then an element of work will have been done equal to F.dl. To find the total work
done we have to integrate along the path A to B:
WAB = ∫ F. dl = - q0 ∫ E. dl
VB - VA =
= - ∫ E. dl
If A is at infinity and VA is zero then the potential at point B can be found:
VB = - ∫ E. dl
These two equations allow the calculation of potential difference between two points
or at a single point if the electric field is known.
A dipole is normally considered as a combination of 2 equal point electric charges, of
opposite signs, separated by a small distance.
Dipole moment
The dipole moment, measured in coulomb metres, is the product of either charge (or
pole) and the distance between them.
The field at point P due to a dipole is found to be:
1 2aq
where r>>a
4πε 0 r 3
The properties of the charge distribution i.e. the magnitude q and the separation 2a,
are a product in the equation. This means that if we measure E at various distances
from the dipole, we can never deduce q and 2a separately, but only as the product 2aq.
If q was doubled and 2a was simultaneously halved, then E would not change. The
product 2aq is the dipole moment p.
4πε 0 r 3
Potential due to a dipole
q 2a cos θ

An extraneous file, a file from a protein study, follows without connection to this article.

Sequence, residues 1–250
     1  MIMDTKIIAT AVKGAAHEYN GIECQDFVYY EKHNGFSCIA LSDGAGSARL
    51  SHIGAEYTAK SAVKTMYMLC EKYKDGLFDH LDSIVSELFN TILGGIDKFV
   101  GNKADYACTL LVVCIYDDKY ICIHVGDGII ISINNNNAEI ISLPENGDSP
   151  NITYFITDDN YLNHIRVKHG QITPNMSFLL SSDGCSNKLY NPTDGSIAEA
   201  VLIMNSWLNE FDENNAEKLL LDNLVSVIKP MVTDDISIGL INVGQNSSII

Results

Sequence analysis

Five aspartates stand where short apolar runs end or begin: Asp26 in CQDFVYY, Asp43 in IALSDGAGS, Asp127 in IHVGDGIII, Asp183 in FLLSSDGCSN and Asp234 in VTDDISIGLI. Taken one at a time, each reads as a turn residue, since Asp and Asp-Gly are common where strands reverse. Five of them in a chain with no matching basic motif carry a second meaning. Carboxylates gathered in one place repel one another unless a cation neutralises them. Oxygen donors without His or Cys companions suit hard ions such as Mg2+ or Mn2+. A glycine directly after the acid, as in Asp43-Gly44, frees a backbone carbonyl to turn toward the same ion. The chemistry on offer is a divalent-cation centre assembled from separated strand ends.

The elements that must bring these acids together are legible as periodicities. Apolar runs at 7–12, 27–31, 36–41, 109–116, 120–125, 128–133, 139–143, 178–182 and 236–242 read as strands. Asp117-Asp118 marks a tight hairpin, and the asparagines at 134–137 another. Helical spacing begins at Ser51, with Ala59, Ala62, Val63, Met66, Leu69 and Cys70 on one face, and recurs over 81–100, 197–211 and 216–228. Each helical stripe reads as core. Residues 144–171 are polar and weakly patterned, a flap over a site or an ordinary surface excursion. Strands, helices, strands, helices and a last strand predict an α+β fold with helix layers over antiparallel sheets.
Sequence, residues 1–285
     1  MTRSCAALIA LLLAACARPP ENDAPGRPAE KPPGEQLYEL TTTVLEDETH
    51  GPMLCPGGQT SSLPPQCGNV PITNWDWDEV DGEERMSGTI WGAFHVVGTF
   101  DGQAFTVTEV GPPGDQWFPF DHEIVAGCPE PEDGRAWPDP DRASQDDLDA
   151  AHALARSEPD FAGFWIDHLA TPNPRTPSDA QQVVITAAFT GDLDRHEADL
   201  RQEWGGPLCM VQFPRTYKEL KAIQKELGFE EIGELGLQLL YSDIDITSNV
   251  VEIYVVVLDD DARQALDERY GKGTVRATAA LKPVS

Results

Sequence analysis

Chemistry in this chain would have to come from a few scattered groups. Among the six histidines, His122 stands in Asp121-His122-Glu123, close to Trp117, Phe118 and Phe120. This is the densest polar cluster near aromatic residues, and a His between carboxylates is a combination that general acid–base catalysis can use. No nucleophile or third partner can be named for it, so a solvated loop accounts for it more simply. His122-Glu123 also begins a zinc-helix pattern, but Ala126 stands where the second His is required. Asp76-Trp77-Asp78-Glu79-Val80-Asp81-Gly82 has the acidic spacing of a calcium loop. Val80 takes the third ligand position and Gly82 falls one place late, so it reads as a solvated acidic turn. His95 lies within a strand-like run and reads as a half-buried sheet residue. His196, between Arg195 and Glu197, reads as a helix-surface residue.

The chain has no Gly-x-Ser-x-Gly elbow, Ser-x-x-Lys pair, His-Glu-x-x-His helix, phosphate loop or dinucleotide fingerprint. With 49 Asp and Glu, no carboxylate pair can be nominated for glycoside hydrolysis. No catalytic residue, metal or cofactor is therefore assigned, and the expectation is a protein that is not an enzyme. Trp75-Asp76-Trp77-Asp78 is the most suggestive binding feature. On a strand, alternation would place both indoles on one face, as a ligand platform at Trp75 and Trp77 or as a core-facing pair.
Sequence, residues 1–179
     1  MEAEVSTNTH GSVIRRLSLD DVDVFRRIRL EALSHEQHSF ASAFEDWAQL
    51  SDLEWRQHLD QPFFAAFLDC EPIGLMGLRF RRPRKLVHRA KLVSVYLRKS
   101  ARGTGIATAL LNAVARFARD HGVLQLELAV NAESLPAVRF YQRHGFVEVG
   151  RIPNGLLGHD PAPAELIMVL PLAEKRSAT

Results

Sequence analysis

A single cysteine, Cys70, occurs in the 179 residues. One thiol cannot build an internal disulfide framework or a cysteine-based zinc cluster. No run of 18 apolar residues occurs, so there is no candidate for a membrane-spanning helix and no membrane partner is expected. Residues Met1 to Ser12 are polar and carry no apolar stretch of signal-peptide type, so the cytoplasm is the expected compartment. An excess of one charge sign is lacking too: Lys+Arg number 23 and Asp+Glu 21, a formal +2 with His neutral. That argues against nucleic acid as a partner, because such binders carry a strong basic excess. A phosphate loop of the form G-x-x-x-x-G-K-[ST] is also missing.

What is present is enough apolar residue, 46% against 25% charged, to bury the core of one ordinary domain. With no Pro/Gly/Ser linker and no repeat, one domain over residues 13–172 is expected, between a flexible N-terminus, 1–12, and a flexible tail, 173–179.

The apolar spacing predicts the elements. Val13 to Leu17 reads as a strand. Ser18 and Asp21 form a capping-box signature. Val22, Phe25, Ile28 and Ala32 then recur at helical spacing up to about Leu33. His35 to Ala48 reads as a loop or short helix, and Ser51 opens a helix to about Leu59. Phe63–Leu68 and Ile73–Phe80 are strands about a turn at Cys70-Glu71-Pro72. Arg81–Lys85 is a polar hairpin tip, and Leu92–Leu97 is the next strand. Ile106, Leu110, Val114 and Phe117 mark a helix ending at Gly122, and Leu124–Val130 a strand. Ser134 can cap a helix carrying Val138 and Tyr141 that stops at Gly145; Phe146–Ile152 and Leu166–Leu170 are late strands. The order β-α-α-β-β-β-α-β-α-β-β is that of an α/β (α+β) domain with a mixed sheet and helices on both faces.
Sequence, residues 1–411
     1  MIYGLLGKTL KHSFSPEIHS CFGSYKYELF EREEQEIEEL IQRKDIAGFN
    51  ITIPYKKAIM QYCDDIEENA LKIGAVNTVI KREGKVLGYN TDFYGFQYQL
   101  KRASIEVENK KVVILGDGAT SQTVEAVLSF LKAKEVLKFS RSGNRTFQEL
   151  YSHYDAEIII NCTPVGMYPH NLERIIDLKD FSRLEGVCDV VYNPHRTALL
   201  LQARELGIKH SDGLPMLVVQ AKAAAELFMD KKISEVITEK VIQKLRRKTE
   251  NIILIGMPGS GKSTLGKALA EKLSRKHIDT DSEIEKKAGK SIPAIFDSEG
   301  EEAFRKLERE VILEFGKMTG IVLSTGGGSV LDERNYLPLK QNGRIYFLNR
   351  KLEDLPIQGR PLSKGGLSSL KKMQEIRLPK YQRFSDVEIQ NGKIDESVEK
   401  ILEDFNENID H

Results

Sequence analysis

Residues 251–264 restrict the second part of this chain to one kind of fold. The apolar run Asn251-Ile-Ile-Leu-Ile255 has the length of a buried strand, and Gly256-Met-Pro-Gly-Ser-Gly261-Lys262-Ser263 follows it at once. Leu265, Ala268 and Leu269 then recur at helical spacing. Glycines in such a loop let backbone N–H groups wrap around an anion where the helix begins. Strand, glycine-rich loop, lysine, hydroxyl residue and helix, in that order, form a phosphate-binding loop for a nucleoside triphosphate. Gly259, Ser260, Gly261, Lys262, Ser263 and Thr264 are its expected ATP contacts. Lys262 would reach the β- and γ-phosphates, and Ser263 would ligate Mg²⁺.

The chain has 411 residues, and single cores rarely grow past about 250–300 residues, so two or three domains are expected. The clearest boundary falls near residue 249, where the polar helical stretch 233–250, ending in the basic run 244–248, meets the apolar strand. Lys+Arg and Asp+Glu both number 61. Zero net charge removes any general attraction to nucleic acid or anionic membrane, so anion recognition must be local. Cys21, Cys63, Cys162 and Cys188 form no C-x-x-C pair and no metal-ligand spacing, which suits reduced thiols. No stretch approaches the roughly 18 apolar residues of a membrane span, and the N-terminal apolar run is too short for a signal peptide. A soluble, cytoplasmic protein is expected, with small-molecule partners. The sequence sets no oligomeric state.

1 p cos θ
4πε 0 r
4πε 0 r 2
If Θ = 90° then V disappears and this shows that it takes zero work to bring in a test
charge along this plane towards the dipole.
For a small set radius, V has its greatest positive value for Θ = 0°, and its greatest
negative value for Θ = 180°.
The above equation describes the potential due to a simple dipole. It also holds for
other charge configurations.
If 2 charges q1 and q2, initially separated by a distance r, are moved apart, then work
must be done. If both the charges have the same sign then the work will be negative.
If they are of opposite signs the work will be positive. The energy represented by this
work is thought of as being stored by the system of charges as electric potential
1 q1q 2
4πε 0 r12
1 q1( − q 2 )
4πε 0 r12
= electric potential energy
For a dipole:
Dipole in an electric field
In a uniform electric field E, the dipole with moment p makes an angle θ with the
field. Two equal and opposite forces F and -F act on the charges (couple) and are
equal to:
F = qE
The net force is zero, but there is a net torque about an axis through O given by:
Τ = 2F(a sinθ) = 2aF sinθ
Τ = 2qEa sinθ = pE sinθ
Thus, a dipole placed in an electric field E experiences a torque tending to align the
dipole with the field.
if the dipole has an initial angle of θ0, then the work required to turn the dipole to an
angle θ will be:
W = ∫ dW = ∫ ΤdΘ = U
Substituting for Τ:
U = ∫ pE sin Θ. dΘ = pE ∫ sin Θ. dΘ
U = pE − cosΘ
Gauss’s Law
The electric field and field lines
Electric field lines provide a convenient way of visualising the electric field.
The field lines are drawn according to the following rules:
The field lines point in the same direction as the electric field at every point in
space. Therefore the electric field at a point is always at a tangent to the field
lines at that point.
Field lines always start on the positive charge and end on the negative charge.
The strength of the field is represented by the density of the lines. The number
of lines, in 3 dimensions, leaving a positive charge or approaching a negative
charge is proportional to the magnitude of the charge.
No two lines touch or cross.